Paying for lunch is really overrated. Thankfully, it is relatively easy to find free lunches around campus. On any given day, there are often several lunch discussions on a vast variety of topics, and it is a known fact that medical students are too busy to go to these talks… unless there is free food. I am beginning to think that there are very few things that medical students wouldn’t do for free food. I often overhear conversations similar to this:
“You went to the lunch talk on the phyla of athlete’s foot? How was that?”
“Well, I was a little disappointed because they ran out supreme, so I got stuck with pepperoni”
“Yeah, that’s why I went to the proctology talk, they had Jason’s Deli”
While the attendance of the meetings is often dependent on the type and quantity of food present, there are some that are packed despite the small quantity of cheap pizza present. This was definitely the case when I went to a talk with Dr. Ron Anderson, CEO of Parkland Health and Hospital System, Dallas County’s public hospital. The room was cramped with students, a few residents, and various other staff to hear what he had to say.
His aim was to discuss the concept of “Community Oriented Primary Care” (COPC). He took us through the history of the practice and discussed national health programs that dated back to the 1800’s. I will not get into the history and development of public health programs, as this could easily fill up an entire semester of material, but it is a surprisingly rich and interesting history. COPC was first defined by Sydney Kark based on five basic questions:
- What is the community’s current state of health?
- What are the factors that have contributed to this health state?
- What is being done about it?
- What more can be done and what is the expected outcome?
- What measures are needed to continue health surveillance of the community and to evaluate the effects of the existing programs?
Parkland’s venture into COPC primarily began with a dilemma which presented itself in the early 1980’s, one which draws many parallels to the dilemma of today: The recession caused increased the number of people seeking care at Parkland and caused a steep decline in local property values. Parkland was faced with a drastic increase in demand as people lost their jobs, but there was no increase in funding for the hospital. The solution was to move high-volume, low-cost community centered care into the community by purchasing clinic space and concentrate the low-volume, high-cost specialty care at the hospital itself. This model of decentralization and focus on community has now expanded into:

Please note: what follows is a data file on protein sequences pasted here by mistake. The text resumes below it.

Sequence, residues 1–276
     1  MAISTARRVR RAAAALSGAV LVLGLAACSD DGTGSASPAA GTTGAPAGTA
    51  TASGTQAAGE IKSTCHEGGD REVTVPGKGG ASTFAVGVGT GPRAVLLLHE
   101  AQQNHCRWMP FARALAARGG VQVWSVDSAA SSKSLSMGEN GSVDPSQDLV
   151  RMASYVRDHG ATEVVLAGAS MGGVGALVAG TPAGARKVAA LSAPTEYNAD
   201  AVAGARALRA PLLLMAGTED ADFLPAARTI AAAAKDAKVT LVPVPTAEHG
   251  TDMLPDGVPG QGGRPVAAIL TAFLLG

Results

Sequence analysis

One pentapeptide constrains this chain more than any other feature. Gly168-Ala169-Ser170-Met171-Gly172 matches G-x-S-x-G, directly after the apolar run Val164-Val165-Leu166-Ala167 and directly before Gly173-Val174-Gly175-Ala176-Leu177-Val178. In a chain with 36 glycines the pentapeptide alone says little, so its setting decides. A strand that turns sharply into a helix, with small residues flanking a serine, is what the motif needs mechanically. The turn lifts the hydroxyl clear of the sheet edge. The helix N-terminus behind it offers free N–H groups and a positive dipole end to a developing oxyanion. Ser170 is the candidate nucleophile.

- 11 health centers
- 9 women’s clinics
- 11 youth/family centers
- Geriatric services
- 28 homeless shelters (plus 5 mobile vans and 2 dental vans)
- Refuge outreach
- Dallas County Jail & Juvenile Health Services
Personally, I was surprised that Parkland’s health services were so far-reaching. More shocking, however, is the manner in which they developed these services. One would think that they simply looked for places where they could obtain the cheapest property, and then implement a standard set of services, disregarding the location of the clinic (at least this is what I would assume). I could not have been more wrong in my assumption. Instead, Parkland started by traveling to the communities and practicing what they call “deep listening.”